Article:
News

 RSS Feed

» Listings for December 2016

  1. Spraying off areas of crops affected by black-grass is a difficult call to make, but it is one that more growers are considering in the fight against this increasing problem.

    Midlands-based Hutchinsons-Cropwise agronomist Andrew Wright says concerns about the spread of black-grass further north and west across the UK, combined with disillusionment over the efficacy of products affected by herbicide resistance, means there is more acceptance of this zero-tolerance approach.

    Andrew Wright

    Assessing crops during January and February for black-grass that has survived autumn treatments is key to making an early decision that minimises the financial impact and allows more time to sow an alternative spring crop if required, he says.

    “It is a difficult decision to make and there’s no set black-grass population threshold to go by; it’s really down to individual growers.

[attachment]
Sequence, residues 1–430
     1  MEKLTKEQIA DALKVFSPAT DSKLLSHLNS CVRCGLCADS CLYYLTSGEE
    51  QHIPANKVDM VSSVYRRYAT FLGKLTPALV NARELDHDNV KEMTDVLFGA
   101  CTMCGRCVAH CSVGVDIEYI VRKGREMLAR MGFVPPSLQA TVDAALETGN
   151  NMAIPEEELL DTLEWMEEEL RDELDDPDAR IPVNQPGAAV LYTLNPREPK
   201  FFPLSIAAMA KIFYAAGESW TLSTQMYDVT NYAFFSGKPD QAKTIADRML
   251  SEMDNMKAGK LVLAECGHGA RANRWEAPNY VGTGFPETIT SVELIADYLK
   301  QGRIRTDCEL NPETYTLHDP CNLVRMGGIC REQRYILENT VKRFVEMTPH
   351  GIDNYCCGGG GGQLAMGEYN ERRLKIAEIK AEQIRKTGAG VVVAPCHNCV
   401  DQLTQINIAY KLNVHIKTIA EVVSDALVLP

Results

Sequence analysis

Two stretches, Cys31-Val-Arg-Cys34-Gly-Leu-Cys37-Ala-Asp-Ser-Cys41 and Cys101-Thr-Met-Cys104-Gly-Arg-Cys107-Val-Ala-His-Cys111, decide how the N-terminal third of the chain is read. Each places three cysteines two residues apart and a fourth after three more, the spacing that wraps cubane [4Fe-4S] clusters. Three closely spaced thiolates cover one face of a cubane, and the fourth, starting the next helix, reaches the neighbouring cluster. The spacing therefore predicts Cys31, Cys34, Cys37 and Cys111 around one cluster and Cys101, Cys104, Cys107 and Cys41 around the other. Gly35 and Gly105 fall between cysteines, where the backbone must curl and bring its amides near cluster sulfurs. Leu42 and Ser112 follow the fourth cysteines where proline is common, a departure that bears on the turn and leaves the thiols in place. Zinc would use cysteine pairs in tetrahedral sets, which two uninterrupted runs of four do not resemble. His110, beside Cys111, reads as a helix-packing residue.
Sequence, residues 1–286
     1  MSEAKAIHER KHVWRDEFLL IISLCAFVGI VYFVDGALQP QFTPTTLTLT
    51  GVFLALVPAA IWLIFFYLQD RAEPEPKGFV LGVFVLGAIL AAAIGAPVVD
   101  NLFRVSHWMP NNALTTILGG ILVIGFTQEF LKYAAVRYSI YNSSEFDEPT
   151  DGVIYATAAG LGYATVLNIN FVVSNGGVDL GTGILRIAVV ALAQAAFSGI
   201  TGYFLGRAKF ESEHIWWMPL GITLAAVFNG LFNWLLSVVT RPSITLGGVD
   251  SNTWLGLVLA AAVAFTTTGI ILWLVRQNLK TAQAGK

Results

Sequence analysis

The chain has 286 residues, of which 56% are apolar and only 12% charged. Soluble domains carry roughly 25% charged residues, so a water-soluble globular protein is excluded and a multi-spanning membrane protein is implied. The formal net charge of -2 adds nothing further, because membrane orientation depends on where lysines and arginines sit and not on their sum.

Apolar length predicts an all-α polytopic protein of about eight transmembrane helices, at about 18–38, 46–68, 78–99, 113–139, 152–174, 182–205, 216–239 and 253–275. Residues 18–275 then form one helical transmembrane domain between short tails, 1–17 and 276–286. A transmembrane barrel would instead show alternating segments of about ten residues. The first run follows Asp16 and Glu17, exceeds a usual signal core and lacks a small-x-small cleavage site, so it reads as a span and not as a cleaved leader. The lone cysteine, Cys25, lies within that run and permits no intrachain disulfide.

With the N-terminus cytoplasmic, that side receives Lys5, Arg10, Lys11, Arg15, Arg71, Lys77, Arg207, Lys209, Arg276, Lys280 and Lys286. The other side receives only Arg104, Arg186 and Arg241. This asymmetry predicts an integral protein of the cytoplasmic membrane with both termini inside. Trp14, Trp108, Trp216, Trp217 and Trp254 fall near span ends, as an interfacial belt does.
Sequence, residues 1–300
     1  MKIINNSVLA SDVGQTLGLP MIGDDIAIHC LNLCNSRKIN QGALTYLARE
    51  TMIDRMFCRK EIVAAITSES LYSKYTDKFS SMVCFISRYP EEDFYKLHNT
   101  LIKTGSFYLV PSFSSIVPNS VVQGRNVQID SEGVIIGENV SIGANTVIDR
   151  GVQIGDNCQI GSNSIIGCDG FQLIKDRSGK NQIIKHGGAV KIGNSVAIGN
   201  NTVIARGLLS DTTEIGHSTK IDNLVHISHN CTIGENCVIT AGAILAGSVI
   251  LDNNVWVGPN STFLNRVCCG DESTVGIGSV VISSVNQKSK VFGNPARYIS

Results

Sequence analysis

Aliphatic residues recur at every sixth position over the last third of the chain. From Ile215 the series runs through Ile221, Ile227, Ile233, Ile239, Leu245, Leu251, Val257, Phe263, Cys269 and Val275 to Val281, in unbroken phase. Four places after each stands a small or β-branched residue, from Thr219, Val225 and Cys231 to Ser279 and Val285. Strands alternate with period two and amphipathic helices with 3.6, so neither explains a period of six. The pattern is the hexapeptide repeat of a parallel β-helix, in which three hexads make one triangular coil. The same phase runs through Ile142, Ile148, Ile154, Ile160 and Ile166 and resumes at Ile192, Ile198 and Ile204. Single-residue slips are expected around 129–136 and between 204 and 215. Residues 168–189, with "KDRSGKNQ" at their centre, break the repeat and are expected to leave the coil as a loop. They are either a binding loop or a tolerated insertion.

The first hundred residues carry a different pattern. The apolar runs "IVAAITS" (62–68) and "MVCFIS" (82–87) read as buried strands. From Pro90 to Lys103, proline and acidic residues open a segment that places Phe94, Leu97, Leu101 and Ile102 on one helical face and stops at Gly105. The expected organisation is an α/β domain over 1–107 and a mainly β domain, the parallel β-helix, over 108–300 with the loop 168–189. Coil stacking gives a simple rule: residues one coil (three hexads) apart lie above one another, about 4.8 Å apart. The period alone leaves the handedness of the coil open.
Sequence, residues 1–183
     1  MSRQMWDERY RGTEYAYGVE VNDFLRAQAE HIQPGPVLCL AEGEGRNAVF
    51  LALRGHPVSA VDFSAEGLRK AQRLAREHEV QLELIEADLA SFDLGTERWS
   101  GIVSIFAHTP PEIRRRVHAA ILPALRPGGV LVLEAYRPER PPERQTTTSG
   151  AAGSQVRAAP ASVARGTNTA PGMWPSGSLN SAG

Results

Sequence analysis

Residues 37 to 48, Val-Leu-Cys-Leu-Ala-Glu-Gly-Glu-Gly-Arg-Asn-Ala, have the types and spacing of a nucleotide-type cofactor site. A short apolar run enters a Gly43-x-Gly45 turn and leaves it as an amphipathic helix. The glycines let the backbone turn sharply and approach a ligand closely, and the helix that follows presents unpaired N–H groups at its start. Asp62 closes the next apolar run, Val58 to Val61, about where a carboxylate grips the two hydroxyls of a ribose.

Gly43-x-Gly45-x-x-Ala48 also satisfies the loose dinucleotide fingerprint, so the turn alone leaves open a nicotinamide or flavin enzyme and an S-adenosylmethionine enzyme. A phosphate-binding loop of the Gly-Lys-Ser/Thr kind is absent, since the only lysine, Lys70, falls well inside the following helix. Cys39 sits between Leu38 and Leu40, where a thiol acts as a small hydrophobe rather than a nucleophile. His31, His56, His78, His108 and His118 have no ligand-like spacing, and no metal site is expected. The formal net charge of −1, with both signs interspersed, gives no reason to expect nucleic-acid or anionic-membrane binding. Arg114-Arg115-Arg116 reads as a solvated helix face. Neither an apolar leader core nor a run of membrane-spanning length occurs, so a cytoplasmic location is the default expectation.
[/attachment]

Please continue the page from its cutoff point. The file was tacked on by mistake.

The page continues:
“Some will want to spray-off areas of crops at the first sign of any surviving black-grass, while others will persevere, especially in regions where good results can still be achieved with spring herbicides, such as parts of Derbyshire and west Nottinghamshire.”

    Where a spring herbicide is to be applied, Mr Wright favours products based on iodosulfuron-methyl-sodium and mesosulfuron-methyl.

    He acknowledges efficacy can be reduced where resistance is present, but correct application still delivers worthwhile control of black-grass and other key weed species, such as wild oats and brome.